Bryant, 35, tore his Achilles’ tendon in April and missed the postseason after averaging 27.3 points and 5.6 assists in 78 games. He appears doubtful for the team’s regular-season opener Tuesday night after acknowledging pulling back on his rehab to “let it heal up a little bit more.”

ON THIS DAY TRIVIA (answer below): On Oct. 25, 1986, the Red Sox famously lost Game 6 of the World Series to the Mets despite having a two-run lead in the 10th inning. Which Mets pitcher — who later played for the Red Sox — got the win even though he surrendered two runs in the top of the 10th?

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Thursday’s Morning Mashup: Knicks reportedly pull plug on coach Mike Woodson’s regular radio spot 05.16.13 at 8:05 am ET
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Welcome to Thursday’s Morning Mashup. For the latest news, start at our home page or click here for the top stories from our news wire.

NHL playoffs: Rangers at Bruins, 7:30 p.m. (NBCSN)
NHL playoffs: Sharks at Kings, 10 p.m. (NBCSN)
Hockey World Championships: United States vs. Russia, 6 a.m. (NBCSN)
Hockey World Championships: Switzerland vs. Czech Republic, 8:30 a.m. (NBCSN)
Hockey World Championships: Finland vs. Slovakia, 11 a.m. (NBCSN)
Hockey World Championships: Canada vs. Sweden, 2 p.m. (NBCSN)
NBA playoffs: Pacers at Knicks, 8 p.m. (TNT)
NBA playoffs: Spurs at Warriors, 10:30 p.m. (ESPN)
NBA: Scouting combine, 10 a.m. (ESPNU)
MLB: Red Sox at Rays, 7:10 p.m. (NESN; WEEI-FM)
MLB: Tigers at Rangers, 8:05 p.m. (MLB Network)


‘™¦ The Knicks, who have long been criticized for paranoid and vindictive behavior under owner James Dolan, added another chapter Wednesday when they reportedly banned coach Mike Woodson from his regular radio spot on New York’s ESPN-98.7 a day after the team’s Game 4 loss to the Pacers that left New York in a 3-1 hole heading into Thursday night’s Game 5.

Co-host Stephen A. Smith, who has been known to show favoritism toward the Knicks, on Wednesday declared the season over and called the Knicks “a decrepit old bunch.”

“Mike Woodson was supposed to be coming on, ladies and gentlemen. We didn’t lie to you. The New York Knicks organization backed out.” Smith said on Wednesday’s show. “The coach didn’t back out because Mike Woodson wouldn’t do that — no matter what he says.”

The station is the Knicks’ broadcast partner, airing the team’s games along with pregame and postgame shows. Woodson is paid for his appearances.

Station boss David Roberts tried to downplay the issue.

“In no way do I think this reflects on the relationship with our partners at the Garden. In fact the relationship is very good,” Roberts said. “We look forward to Mike Woodson appearing on the show with Stephen A Smith and Ryan Ruocco Friday — win or lose.”

Woodson, meanwhile, did meet with the media Wednesday and said guard J.R. Smith‘s declaration that the team’s struggles are his fault because of his poor play is not accurate.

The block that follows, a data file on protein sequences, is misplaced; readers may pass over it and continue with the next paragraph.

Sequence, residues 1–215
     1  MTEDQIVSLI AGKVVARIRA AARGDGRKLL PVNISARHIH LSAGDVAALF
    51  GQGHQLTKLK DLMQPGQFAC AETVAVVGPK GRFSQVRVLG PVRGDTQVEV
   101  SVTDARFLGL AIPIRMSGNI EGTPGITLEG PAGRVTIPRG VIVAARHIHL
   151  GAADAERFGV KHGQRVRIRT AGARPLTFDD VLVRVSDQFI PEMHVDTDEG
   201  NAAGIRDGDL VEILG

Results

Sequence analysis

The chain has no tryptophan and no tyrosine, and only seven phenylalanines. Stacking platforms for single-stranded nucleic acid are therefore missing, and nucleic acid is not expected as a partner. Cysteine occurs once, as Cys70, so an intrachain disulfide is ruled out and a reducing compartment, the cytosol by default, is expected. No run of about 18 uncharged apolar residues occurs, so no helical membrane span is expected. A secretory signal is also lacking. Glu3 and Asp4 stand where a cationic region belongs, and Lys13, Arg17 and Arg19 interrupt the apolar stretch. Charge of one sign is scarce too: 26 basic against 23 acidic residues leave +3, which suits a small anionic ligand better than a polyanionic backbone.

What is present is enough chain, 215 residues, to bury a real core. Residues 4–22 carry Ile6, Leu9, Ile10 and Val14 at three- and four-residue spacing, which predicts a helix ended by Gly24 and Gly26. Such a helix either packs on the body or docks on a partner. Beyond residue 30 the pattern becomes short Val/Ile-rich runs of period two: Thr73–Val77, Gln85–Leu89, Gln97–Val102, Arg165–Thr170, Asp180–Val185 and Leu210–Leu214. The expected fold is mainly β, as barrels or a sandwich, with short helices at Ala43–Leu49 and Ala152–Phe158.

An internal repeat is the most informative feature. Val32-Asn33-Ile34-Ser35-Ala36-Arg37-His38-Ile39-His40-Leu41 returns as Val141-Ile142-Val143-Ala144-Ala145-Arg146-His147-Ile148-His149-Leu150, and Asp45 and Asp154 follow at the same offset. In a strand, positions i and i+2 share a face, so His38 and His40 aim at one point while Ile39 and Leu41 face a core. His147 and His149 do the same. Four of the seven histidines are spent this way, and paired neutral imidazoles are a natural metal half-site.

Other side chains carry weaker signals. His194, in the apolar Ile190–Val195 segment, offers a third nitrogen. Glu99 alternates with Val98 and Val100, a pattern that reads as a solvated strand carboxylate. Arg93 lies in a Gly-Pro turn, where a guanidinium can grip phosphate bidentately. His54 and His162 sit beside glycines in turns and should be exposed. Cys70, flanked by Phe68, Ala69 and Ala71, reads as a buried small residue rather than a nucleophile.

“I’€™m the head coach. Blame it on me,” Woodson said. “I don’€™t look at it in that light. The bottom line is we’€™re all trying to do the right things to win basketball games. If we don’€™t have the slippage to start the series, we’€™re feeling pretty good about ourselves. But right now our backs are against the wall and my job is to get us out of this hole.”

‘™¦ One day after he insulted Mets fans — saying, “I don’t answer to fans. They don’t play this game. They have no idea what goes on” — manager Terry Collins went into damage control.

“Of course I regret the choice of words. I certainly respect the New York fans,” Collins said before Wednesday night’€™s 4-2 loss to the Cardinals that dropped New York to a season-worst nine games below .500 at 14-23. “They’€™re the most knowledgeable fans I’€™ve ever been around. They know the game. They know the people.”

Added Collins: “You know, I’€™m a human being. I used a bad choice of words. But I’€™m also frustrated. Here we are, we’€™re scuffling, scuffling. There’€™s one topic to talk about. And I understand that we’€™re not playing good, so that’€™s the story. I’€™m aware of that. And I’€™m tired of talking about it. I want to talk about getting better.

“So, that was my fault, nobody else’€™s fault. I wasn’€™t baited into anything. ‘€¦ Once again, I want our fans to understand that I’€™m working my butt off to get better. Period.”

‘™¦ With umpires coming under fire for a couple of blunders this month, Real Clear Sports has a list of the top 10 blown calls in baseball history.

No. 1 is Don Denkinger‘s safe call at first base in the ninth inning of Game 6 of the 1985 World Series that gave the Royals another life and led to a comeback against the Cardinals. No. 2 is Jim Joyce‘s missed call at first that cost Tigers pitcher Armando Galarraga a perfect game in 2010.

There are two entries involving the Red Sox. No. 6 is Larry Barnett‘s non-call of interference against Reds batter Ed Armbrister that led to a Carlton Fisk throwing error in the 10th inning of Game 3 of the 1975 World Series. No. 8 is Tim Tschida‘s brutally bad out call of Jose Offerman on the basepath in Game 4 of the 1999 ALCS against the Yankees.

ON THIS DAY TRIVIA (answer below): On May 16, 1989, Mike Milbury was hired as Bruins coach, replacing which individual?